The nation’s press has long since stopped paying any attention to what has actually happened in the wake of the outrageous Kelo vs. New London Supreme Court ruling in June 2005.
The court’s majority wrote that “The city has carefully formulated a development plan that it believes will provide appreciable benefits to the community, including, but not limited to, new jobs and increased tax revenue.” The quite newsworthy but virtually ignored fact flying in the face of the Supremes’ certitude is that nothing has happened in the affected area for 8-1/2 years. The latest idea for removing the “stain” of Kelo proposed by New London, Connecticut Mayor Daryl Justin Finizio is to place a “green” parking garage and “micro lots” (with micro homes) in the affected Fort Trumbull neighborhood where perfectly acceptable century-old housing used to stand. Excerpts from a New London Day editorial reporting on that paper’s meeting with the mayor follow the jump.
This open thread will stay at or near the top today. Rules are here. Possible comment fodder may follow. Other topics are also fair game.
Dec 11, 2013 / 02:04 am
New research reveals that younger Catholics are more likely to give to charitable causes through online donation options and that overall, Catholics are concerned with the needs of the poor in their area.
“The knowledge gained from this report is important for our understanding of the current patterns of giving among Catholics,” said Archbishop Dennis Schnurr of Cincinnati, chairman of the U.S. bishops’ national collections committee.
“We now know that online giving to charitable institutions is rising each year. These results … will allow the Committee to assess our current systems for receiving donations. Moving forward, we will also be better equipped to implement any changes needed in order to reach Catholics, particularly young Catholics, who are giving online.”
The study by Georgetown University’s Center for Applied Research in the Apostolate was commissioned by the bishops’ collections committee, and examined how and why working-age donors participated in online giving. The data was delivered to the bishops Nov. 10 during the bishops’ annual assembly in Baltimore, Md.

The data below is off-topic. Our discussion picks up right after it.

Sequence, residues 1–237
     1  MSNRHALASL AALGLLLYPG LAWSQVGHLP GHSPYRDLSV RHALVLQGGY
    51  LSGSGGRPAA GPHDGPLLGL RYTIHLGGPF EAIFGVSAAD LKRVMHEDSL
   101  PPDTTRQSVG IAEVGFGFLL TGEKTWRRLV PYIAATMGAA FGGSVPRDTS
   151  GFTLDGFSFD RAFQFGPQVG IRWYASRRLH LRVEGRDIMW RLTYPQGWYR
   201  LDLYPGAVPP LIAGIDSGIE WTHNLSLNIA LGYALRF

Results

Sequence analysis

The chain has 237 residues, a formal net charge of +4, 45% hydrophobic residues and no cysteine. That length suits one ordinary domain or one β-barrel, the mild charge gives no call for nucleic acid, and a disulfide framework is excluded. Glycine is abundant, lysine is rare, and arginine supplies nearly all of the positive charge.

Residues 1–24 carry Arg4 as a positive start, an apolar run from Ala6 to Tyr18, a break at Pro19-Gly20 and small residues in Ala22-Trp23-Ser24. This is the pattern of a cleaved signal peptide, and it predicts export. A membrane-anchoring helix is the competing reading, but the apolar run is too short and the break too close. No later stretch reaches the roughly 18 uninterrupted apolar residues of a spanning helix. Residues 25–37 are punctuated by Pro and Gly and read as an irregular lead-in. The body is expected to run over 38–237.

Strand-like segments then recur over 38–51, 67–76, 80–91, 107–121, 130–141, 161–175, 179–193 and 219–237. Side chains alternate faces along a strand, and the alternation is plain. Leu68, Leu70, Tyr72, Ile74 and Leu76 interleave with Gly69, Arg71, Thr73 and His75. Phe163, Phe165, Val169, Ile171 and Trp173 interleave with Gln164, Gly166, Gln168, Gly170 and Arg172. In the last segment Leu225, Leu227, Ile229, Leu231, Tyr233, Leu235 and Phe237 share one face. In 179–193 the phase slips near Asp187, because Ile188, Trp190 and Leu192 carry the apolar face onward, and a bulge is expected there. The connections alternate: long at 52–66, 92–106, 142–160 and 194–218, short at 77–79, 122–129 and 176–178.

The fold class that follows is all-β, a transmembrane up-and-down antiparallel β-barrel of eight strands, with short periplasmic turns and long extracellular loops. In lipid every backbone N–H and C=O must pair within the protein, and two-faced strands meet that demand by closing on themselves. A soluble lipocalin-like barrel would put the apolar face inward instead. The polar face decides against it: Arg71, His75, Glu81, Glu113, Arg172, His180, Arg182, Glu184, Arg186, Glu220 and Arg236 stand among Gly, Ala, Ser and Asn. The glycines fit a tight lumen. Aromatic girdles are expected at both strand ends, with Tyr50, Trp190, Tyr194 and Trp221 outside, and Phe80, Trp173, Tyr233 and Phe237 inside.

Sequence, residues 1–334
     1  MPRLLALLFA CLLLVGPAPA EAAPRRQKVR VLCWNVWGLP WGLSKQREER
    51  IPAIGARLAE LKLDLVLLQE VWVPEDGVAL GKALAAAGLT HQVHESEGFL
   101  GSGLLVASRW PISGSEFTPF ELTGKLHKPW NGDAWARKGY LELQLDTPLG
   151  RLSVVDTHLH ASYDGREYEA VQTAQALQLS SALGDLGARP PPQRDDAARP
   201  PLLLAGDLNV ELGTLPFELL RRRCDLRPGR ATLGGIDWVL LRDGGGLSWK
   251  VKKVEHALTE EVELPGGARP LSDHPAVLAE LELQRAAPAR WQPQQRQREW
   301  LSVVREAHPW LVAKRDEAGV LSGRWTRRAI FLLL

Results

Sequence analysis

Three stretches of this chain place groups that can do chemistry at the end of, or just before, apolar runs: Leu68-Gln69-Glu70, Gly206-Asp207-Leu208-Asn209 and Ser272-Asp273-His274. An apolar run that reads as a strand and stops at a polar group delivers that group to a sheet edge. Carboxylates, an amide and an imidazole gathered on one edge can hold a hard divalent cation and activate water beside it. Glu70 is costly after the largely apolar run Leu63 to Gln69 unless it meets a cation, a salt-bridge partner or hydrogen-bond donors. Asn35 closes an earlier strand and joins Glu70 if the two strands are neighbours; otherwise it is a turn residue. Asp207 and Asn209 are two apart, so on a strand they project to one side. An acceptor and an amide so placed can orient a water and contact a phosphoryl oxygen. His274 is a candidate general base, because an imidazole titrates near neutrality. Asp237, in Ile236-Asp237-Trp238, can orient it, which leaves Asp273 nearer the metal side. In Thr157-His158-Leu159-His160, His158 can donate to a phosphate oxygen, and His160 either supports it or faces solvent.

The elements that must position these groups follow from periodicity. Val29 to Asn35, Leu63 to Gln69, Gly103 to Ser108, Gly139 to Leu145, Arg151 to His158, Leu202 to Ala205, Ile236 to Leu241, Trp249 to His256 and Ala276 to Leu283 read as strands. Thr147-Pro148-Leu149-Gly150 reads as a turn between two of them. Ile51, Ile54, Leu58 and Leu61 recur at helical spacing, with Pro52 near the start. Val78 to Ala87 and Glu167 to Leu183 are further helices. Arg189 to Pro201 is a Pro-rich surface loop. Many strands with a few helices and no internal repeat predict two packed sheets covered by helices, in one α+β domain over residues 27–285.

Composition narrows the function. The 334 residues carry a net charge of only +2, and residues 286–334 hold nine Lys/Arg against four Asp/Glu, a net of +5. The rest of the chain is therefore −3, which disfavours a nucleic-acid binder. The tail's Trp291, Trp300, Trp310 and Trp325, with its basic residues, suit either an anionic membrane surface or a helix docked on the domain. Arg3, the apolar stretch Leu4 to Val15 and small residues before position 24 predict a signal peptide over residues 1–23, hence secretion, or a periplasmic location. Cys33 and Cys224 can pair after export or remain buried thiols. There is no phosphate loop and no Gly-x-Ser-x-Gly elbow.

The study showed that 32 percent of Catholics have given online donations at some point, and found that Catholics between the ages of 16 and 34 were more likely to feel comfortable with and use online financial platforms than respondents between the ages of 34 and 65, with 73 percent responding that they were at least “somewhat” comfortable with making payments online.
The survey also found that among Catholics who attend Mass less regularly and are not very likely to donate to a second collection, one in four would prefer to give online. …
Go here for the rest of the story.
Here’s my second pass on Christmas and holiday searches for this year
For those who are relatively new and need background, go here to the first post on search done on the Tuesday before Thanksgiving in 2010.
Here goes (searches were done late Friday night):
Now on to the second set of searches:
- Christmas layoffs (not in quotes, also excluding the word “challenger” to ensure that about 30 items relating to the mass layoffs report issued by Challenger & Christmas were exluded) — 16,400 (49.3%)
- Holiday layoffs (not in quotes) — 10,100 (30.3%)
- Holidays layoffs (not in quotes) — 6,800 (20.4%)
As was the case in Round 1, it looks like the “Christmas” component of the layoff stories, if consistent for the rest of the shopping season, will be the highest in the nine years I’ve been doing this.